Washington, D.C., Oct. 2 — Hundreds of thousands of people came out across the U.S. to protest not only the reactionary Texas “heartbeat law,” but growing attacks on reproductive rights in many other states.
Women marched not only in large cities, but in towns and rural areas in every single state. The national Women’s March announced more than 650 marches and protests in all 50 states.
Here in Washington, where Women’s March tweeted that more than 20,000 people marched, the group targeted the U.S. Supreme Court, which allowed the Texas law to go forward. The court was scheduled to open its new session two days after.
The Texas law encourages a witchhunt to enforce the ban, which prohibits abortions after six weeks — before most women even know they are pregnant. It promises to reward individuals with a $10,000 bounty if they successfully sue anyone who helps a woman get an abortion.
At the Supreme Court building, bigoted rightwing groups advocating to take away the rights of women and oppressed-gendered people marshalled less than 100 counter-demonstrators. They were protected by a phalanx of riot police.
In Austin, Texas, women and supporters flooded the grounds of the State Capitol, demanding “Our bodies, our choice, our right!” Thousands more marched in cities throughout the state.
Los Angeles hosted the largest of California’s many marches for reproductive rights. In New York City, thousands marched across the Brooklyn Bridge and converged with thousands more in lower Manhattan, chanting “Bans off our bodies!”
Who will be most impacted?
Women In Struggle/Mujeres En Lucha and the Socialist Unity Party distributed thousands of flyers from the West to East coasts, pointing out that “it is Black, Brown and Indigenous people, the poor and youth who rely on reproductive rights centers for basic healthcare, including contraception, general checkups and cancer screenings. Texas law SB8 will shut down care for transgender people who will no longer be able to access needed hormone replacement therapy.”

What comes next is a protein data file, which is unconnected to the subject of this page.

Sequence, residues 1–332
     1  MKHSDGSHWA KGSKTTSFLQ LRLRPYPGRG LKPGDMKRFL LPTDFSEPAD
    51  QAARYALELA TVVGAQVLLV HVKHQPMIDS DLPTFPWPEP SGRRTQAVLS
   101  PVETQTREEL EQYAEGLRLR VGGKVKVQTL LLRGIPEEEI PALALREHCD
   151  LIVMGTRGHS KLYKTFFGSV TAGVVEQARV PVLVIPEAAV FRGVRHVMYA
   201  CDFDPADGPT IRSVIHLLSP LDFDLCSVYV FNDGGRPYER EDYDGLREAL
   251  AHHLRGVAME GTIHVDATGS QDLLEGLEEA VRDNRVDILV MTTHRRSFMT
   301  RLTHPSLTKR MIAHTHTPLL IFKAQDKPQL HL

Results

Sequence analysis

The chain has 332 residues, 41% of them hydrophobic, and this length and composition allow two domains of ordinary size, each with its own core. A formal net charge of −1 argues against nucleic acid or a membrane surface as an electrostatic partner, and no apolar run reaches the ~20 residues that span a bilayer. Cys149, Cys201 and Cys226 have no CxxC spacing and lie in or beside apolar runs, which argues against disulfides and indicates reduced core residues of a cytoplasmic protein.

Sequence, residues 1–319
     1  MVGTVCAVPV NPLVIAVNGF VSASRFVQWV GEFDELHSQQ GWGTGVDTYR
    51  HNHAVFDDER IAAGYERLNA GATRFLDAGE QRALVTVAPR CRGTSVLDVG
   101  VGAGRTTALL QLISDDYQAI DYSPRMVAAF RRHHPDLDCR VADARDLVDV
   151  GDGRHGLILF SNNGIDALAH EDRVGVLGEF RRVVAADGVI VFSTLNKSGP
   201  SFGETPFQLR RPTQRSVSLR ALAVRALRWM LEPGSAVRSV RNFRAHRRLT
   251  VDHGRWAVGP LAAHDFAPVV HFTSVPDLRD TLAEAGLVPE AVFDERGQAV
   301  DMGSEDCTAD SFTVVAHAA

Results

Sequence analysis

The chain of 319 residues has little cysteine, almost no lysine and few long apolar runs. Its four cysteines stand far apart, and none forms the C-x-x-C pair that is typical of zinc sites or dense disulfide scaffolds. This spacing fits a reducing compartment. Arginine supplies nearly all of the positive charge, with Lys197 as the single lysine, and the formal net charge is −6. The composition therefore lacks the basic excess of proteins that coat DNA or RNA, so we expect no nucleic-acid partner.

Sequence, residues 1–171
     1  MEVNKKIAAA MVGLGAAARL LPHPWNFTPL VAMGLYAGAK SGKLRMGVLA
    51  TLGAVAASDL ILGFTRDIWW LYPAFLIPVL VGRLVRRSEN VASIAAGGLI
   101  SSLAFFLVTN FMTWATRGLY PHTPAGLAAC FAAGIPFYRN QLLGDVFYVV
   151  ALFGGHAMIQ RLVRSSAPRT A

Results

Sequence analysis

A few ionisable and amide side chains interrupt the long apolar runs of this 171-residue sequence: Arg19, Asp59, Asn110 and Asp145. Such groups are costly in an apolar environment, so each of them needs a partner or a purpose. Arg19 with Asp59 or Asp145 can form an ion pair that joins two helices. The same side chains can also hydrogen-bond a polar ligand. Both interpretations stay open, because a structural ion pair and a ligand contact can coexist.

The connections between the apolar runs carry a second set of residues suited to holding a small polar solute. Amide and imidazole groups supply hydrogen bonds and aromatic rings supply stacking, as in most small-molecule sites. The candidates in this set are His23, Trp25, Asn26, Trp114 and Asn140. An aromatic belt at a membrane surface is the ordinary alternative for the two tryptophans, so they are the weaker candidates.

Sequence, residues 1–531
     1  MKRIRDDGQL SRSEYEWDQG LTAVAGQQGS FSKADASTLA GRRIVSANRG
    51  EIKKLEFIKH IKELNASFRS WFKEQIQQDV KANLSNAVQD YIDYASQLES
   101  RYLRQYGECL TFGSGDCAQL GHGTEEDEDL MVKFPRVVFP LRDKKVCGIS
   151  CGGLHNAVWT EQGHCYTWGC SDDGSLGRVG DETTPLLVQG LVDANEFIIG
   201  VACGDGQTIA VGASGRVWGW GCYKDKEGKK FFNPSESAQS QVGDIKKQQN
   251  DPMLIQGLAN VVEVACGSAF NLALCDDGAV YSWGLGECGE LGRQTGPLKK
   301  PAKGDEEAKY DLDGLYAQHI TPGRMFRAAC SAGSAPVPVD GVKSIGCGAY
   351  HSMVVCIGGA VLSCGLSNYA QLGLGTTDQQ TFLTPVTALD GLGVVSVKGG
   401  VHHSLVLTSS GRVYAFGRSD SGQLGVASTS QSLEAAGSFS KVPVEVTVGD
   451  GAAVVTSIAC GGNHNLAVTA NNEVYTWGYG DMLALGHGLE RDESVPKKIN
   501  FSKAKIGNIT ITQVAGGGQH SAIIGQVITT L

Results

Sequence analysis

“Many women will be forced to flee to other states just to obtain the basic right to control one’s own body. But even this will not be possible for many poor, working-class and very young women, who will be forced to risk their lives or health in back-alley abortions.
“The same reactionary forces responsible for this measure, and those who do nothing about it, care little about children and less about all women, regardless of who they love and their gender identity, including transgender women.
“A box full of diapers and a carseat is of little help when families are facing joblessness and homelessness. Where is the fight to stop unemployment benefits from being cut? Where is the moratorium and cancellation of rents, foreclosures and utility shutoffs?
“Where is the fight to stop forced sterilization of poor and oppressed women from Puerto Rico to Mississippi; or the fight to make sure that every person and all children have free healthcare; or for paid maternity leave for working families? What about the lack of affordable, safe daycare that has forced women and all genders out of the workplace?”
Concern for most oppressed
In Orlando, Fla., these sentiments were echoed by protesters who expressed concerns that poor, Black and Brown women, along with trans women, would be disproportionately impacted.
Over a thousand people took over the streets, reflecting the urgency felt since a bill similar to SB8 was introduced this September in Florida, which would ban abortions and allow lawsuits against doctors who perform the procedure.
The power of protest had an immediate effect.
On Oct. 6, just three days after the historic mobilization, U.S. District Court Judge Robert Pitman temporarily blocked enforcement of SB8, declaring that “This Court will not sanction one more day of this offensive deprivation of such an important right.”
“We’re celebrating today, but our fight isn’t over,” Women’s March tweeted. “Texas will appeal. Which means the law could be put back into place soon. But we know this: hundreds of thousands of us showed up last weekend for abortion justice and we’re not done yet.”